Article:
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NWP Global Registry of Apprentice Ecologists - Clarke County School District, Athens, Georgia, USA

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Clarke County School District, Athens, Georgia, USA
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Registered: December 2009
City/Town/Province: Athens
Posts: 1
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Environmental Outreach Initiative: Spreading Awareness

Eighty percent of the world’s original forests have been depleted from our Earth through a process known as deforestation, according to Greenpeace International. Furthermore, the rate of deforestation continues to sharply increase, as a result of destructive human activity. Society has forever been dependent on the gifts that Mother Nature has provided to us: the food we eat, the land we live on, and the air we breathe, and we must be thankful for these gifts. However, a culture of environmental irresponsibility has developed overtime, resulting in the creation of a mind unconscious of the gifts we have been bestowed upon, as well as the practice of harmful ecological tendencies. This culture has been reflected, not only by the aforementioned deforestation, but also by other effects of environmental irresponsibility, including erosion, soil exhaustion, and global warming. These harmful consequences of irresponsibility will continue to proliferate if citizens do not take actions for their environment. If proper responsibilities are not taken into consideration and action, our world will inevitably succumb to environmental failure. My name is Andrew Kim, a freshman at Emory University in Atlanta, Georgia and a recent graduate of Cedar Shoals High School in Athens, Georgia, where I conducted my Apprentice Ecological Initiative.
I first became interested in the environment and the measures necessary to save our environment after volunteering at my local botanical garden’s student day camp, where my experienced led to two realizations: 1) an invested appreciation for the environment, after having to teach classes about the earth, and 2) a career in daycare is definitely not for me. Despite my exasperating yet rewarding experience with the campers, I knew that environmental change would be most effective if implemented within our future leaders, the youth, particularly pre-college, young adults, or teenagers. This realization came complementary with my entrance into my senior year of high school, a time at which my school lacked an organized recycling program for bottles and cans as well as a formal environmental education curriculum. As my last year in high school, I hoped to leave a positive impact and give back to my school after four years of receiving an education, and to initiate a culture of environmental awareness would fulfill my goal. As a result, as my Apprentice Ecological Initiative, I chose to create a culture of environmental awareness at Cedar Shoals High School and Clarke County School District through an educational approach. My project was to organize a weeklong environmental education campaign at my school to increase environmental awareness, by providing opportunities for leadership and volunteering to students, both general and at-risk/socioeconomic, by taking action through service-learning opportunities, and by fostering a group of future leaders to continue the efforts of the week. The initiative was titled the “Environmental Outreach Initiative (EOI).”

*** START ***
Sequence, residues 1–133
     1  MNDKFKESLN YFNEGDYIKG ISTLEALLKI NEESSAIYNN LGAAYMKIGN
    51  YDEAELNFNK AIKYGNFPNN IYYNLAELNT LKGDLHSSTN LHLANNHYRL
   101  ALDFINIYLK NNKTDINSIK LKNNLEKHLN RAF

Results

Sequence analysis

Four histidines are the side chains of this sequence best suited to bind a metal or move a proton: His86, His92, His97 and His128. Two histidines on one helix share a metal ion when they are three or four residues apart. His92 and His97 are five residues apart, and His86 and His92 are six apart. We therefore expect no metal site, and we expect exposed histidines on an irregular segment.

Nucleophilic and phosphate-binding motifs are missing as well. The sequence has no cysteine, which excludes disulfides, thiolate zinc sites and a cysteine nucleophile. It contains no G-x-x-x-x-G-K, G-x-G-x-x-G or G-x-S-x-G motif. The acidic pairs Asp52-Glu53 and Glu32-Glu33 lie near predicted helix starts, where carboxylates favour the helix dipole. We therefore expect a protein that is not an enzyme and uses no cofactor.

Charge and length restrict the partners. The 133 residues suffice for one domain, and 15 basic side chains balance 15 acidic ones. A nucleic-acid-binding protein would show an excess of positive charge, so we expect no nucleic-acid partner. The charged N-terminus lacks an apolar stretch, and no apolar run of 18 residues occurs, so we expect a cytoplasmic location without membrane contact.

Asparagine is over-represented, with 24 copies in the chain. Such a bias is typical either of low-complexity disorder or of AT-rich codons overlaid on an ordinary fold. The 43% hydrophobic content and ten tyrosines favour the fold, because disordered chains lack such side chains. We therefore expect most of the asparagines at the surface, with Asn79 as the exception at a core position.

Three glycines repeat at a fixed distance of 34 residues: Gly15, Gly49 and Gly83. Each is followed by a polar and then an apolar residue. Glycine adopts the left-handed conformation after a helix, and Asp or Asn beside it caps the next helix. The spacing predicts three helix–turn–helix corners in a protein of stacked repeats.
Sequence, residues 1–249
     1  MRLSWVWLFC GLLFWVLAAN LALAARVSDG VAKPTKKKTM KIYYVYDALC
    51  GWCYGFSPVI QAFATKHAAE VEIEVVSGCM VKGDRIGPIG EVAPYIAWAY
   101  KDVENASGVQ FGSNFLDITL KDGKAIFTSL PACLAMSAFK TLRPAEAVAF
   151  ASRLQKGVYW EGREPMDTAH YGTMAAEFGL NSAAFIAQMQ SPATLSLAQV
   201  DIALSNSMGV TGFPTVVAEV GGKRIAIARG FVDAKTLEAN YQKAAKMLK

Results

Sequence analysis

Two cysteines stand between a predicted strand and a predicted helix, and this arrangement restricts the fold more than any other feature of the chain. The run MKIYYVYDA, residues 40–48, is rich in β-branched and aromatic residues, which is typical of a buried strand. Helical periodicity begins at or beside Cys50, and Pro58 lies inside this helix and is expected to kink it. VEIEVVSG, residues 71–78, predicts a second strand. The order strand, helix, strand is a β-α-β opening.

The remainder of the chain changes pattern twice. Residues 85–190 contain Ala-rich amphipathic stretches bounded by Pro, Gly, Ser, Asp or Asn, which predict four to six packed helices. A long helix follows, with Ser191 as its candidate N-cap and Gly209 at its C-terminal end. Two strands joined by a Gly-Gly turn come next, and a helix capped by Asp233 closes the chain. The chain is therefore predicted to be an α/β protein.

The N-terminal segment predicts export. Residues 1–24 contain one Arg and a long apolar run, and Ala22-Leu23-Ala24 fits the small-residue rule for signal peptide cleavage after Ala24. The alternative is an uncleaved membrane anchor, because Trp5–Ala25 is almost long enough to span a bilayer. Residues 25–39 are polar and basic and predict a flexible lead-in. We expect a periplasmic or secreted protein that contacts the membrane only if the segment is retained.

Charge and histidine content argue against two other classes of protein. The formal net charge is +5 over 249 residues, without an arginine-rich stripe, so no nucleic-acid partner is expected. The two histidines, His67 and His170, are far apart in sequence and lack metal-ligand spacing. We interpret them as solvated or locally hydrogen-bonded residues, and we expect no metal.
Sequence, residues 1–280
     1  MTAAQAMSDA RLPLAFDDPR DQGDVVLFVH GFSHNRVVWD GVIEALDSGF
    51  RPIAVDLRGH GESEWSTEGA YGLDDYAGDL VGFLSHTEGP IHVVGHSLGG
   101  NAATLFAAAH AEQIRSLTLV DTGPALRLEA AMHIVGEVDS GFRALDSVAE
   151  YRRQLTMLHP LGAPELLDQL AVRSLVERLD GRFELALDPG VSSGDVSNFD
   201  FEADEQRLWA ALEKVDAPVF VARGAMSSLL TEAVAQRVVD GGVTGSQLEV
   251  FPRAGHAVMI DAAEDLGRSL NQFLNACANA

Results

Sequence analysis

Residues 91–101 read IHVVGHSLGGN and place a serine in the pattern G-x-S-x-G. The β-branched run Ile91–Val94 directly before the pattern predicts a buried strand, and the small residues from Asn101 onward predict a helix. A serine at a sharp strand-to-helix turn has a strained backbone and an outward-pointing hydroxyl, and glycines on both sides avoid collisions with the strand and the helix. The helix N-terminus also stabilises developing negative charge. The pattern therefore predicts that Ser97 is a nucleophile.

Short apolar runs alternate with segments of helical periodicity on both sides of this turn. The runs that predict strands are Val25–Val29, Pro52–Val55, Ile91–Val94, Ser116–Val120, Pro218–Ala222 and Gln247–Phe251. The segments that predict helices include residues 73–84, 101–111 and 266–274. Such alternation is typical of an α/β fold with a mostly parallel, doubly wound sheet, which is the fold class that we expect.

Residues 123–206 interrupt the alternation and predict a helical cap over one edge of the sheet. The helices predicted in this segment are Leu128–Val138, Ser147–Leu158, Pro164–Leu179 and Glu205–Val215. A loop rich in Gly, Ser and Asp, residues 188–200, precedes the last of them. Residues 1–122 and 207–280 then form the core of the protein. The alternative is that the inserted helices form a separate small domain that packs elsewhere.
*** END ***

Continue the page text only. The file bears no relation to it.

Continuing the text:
The Environmental Outreach Initiative (EOI) took place during the fourth week of April, beginning on the 18th and ending on the 22nd, or Earth Day. Originally planned as a one-day activity, EOI was extended to one week, in order to consolidate as many aspects of the environment within a focused period of time, in order to effectively and efficiently showcase the different aspects of the environment. I was involved in a number of campus clean-up and beautification events in my past high school years, however I believed that it would best to group all the efforts into one week, to optimize the visualization of our environment. Each day of EOI educated the students on a different environmental concern and was planned to effectively utilize what the students learned by volunteering and leading, through service learning. The week ended with the school’s first Environmental Fair, where local environmental education organizations were recruited to speak about their services and educate the student body about the environment. Eight months prior to EOI, the first month of my senior year, because of the lack of an environmental student group on campus, I recruited a small group of interested students and teachers to create a taskforce to help plan and provide opinion for the event. A proposal was drafted and presented to the school administration for approval six months prior. Upon approval, small community and school grants and donations were acquired for basic materials, including printing, t-shirts, food, and custodial and security services, which were mandated by the school system. A logistical schedule of the event was finalized four months prior to EOI and six local environmental education organizations were contacted to speak at the final day’s Environmental Fair. One month prior to the event, the taskforce began advertising for the week of EOI.